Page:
50 R. Williams, Marxism and Literature (Toronto: Oxford University Press, 1978) at 55. Williams describes three concepts of “ideology” common in Marxist writing: a system of beliefs characteristic of a particular class or group; a system of illusory beliefs – false ideas of false consciousness – which can be contrasted with true or scientific knowledge; the general process of the production of meanings and ideas.
51 S. Skebo, “Liberty and Authority: Civil Liberties in Toronto, 1929-1935” (M.A. Thesis, University of British Columbia, 1968) at ii. For political culture, see D. Bell and L. Tepperman, The Roots of Disunity: A Look at Canadian Political Culture (Toronto: McClelland and Stewart, 1979) at 3.
52 “The Political Destiny of Canada” in H.D. Forbes, ed., Canadian Political Thought (Toronto: Oxford University Press, 1985) at 122.
53 L. Hartz, The Founding of New Societies: Studies in the History of the United States, Latin America, South Africa, Canada and Australia (New York: Harcourt, Brace and World, 1964); G. Horowitz, “Conservatism, Liberalism, and Socialism in Canada: An Interpretation” (1966) 32 Can. J. of Economics and Pol. Science at 143-171; S.M. Lipset, Revolution and Counterrevolution (New York: Basic Books, 1970); L. Stone, “The Results of the English Revolutions of the Seventeenth Century” in Pocock, supra, note 17 at 61-62; Potter, supra, note 18 at 116-118, 180.
54 Kenneth C. Dewar, “Charles Clarke’s `Reformator’: Early Victorian Radicalism in Upper Canada” (September 1986) 77 Ont. Hist. at 233-252.
55 P. Romney, Mr Attorney: The Attorney General for Ontario in Court, Cabinet and Legislature, 1791-1899 (Toronto: University of Toronto Press, 1986); P. Romney, “From the Types Riot to the Rebellion: Elite Ideology, Anti-Legal Sentiment, Political Violence and the Rule of Law in Upper Canada” (June 1987) 79 Ont. Hist. at 134-140.
56 R. Gourlay, Statistical Account of Upper Canada I (1822) (New York: Johnson Reprint, 1966), 211. See also, J.M.S. Careless, “Robert Baldwin” in J.M.S. Careless, ed., The Preconfederation Premiers: Ontario Government Leaders, 1841-1827 (Toronto: University of Toronto Press, 1980) at 89-147.
57 Speeches of Louis J. Papineau, Esq., on the Hustings (Montreal: David Duvernay, 1827); M. Wade, The French Canadians 1760-1967, I: 1760-1911 (Toronto: MacMillan, 1983) at 127-128; M. Fairley, ed., The Selected Writings of William Lyon Mackenzie, 1824-1837 (Toronto: University of Toronto Press, 1960); Sir C.P. Lucas, ed., Lord Durham’s Report of the Affairs of British North America (Oxford: Clarendon Press, 1982), vol. 2; G.M. Craig, Upper Canada: The Formative Years, 1784-1841 (Toronto: McClelland and Stewart, 1963), ch. 11. Papineau later described the English constitution as an illusion.
58 J.A. Chisolm, ed., The Speeches and Public Letters of Joseph Howe (Halifax: Chronicle Publishing, 1909), vol. 1 at 263.
59 G. Spragge, ed., The John Strachan Letter Book, 1812-1834 (Toronto: Ontario Historical Society, 1946) at 222-223; “Address of the British American League to the Inhabitants of Canada” [Kingston] Daily British Whig (3 August 1849); J. Igartua, “A Change of Climate: The Conquest and the Marchands of Montréal” in Can. Hist. Ass’n, Historical Papers, 1974 (Ottawa: Tanamac International/Mutual Press, 1975) at 74-101; W.W.T. Wylie, “Instruments of Commerce and Authority: The Civil Courts of Upper Canada, 1792-1819” in Flaherty, supra, note 44 at 5; G. Wynn, Timber Colony: A Historical Geography of Nineteenth-Century New Brunswick (Toronto: University of Toronto Press, 1981) at 48; Romney, “Types Riot” supra, note 55.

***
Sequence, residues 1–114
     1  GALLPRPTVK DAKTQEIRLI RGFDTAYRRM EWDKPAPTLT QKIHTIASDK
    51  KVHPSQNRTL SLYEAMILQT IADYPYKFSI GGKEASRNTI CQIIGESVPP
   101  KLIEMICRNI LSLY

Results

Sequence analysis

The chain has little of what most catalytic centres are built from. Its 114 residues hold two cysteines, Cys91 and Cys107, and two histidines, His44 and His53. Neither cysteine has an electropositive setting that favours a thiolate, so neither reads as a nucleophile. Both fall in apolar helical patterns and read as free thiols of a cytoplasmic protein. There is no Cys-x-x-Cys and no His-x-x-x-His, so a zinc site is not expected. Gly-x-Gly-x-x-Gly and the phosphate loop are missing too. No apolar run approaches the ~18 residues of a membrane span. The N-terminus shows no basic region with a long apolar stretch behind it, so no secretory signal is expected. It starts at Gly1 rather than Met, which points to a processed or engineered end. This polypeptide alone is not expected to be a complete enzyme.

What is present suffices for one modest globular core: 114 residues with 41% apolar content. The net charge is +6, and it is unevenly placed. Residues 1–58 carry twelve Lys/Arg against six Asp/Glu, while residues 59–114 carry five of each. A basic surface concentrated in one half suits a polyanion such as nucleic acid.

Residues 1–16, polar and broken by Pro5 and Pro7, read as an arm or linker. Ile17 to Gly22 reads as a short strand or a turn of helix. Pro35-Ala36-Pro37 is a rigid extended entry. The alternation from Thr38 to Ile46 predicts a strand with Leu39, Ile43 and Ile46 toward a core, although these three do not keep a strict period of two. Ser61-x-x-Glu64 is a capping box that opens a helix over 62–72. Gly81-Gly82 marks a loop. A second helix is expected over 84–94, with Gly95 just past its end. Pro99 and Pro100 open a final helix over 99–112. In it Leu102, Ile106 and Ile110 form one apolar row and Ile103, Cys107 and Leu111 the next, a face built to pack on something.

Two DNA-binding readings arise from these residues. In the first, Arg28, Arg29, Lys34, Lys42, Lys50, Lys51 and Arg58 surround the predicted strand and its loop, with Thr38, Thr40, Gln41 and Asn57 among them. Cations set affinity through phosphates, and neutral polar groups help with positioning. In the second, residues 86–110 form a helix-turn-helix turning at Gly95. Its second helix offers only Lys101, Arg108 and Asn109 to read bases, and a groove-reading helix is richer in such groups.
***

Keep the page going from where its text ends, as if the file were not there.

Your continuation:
60 D.V.J. Bell, “The Loyalist Tradition in Canada” 5 J. of Can. Studies at 22-33; M. Barkley, “The Loyalist Tradition in New Brunswick: The Growth and Evolution of an Historical Myth” 4 Acadiensis at 3-45. For the role of invented traditions in modern nationalism, see E. Hobsbawm, “Introduction: The Invention of Traditions” in E. Hobsbawm and T. Ranger, eds., The Invention of Tradition (New York: Cambridge University Press, 1983) at 1-14.
61 P.B. Waite, The Life and Times of Confederation, 1864-1867: Politics, Newspapers and the Union of British North America (Toronto: University of Toronto Press, 1962); I.A. Chisolm, supra, note 58, vol. 2 at 432-433, 438-441, 468-492.
62 [Charlottetown] Ross’ Weekly (28 April 1864). See also [Queenston] Colonial Advocate (14 February 1829); C. Read, The Rising in Western Upper Canada 1837-38: The Duncombe Revolt and After (Toronto: University of Toronto Press, 1982) at 86.
63 [Charlottetown] Ross’s Weekly (12 May 1864). See also, G. Brown, “The Grit Patty and the Great Reform Convention of 1859” 16 Can. Hist. Rev. at 245-265.
64 Gourlay, supra, note 56 at 607; [Toronto] Correspondent and Advocate (30 April 1835). The ritualistic aspect of eighteenth-century petitions is noted in D.G. Bell, Early Loyalist Saint John: The Origin of New Brunswick Politics, 1783-1786 (Fredericton: New Ireland Press, 1983) at 114-115. Even controversial docurnents such as the Ninety-Two Resolutions, the 1834 manifesto of Lower Canada’s Patriote party, included the usual professions of loyalty to the Crown. See Wade, supra, note 57, at 143. The French-Canadian experience also suggests that in many instances, particularly in rural areas, persons “signing” petitions of protest were not always literate.
65 [Fredericton] New Brunswick Courier (12 January 1833); [Saint John] Morning Freeman (24 January 1865). For the Norman Yoke as a theory of lost rights, see C. Hill, Puritanism and Revolution: Studies in the Interpretation of the English Revolution of the 17th Century (London: Secker and Warburg, 1958), ch. 3.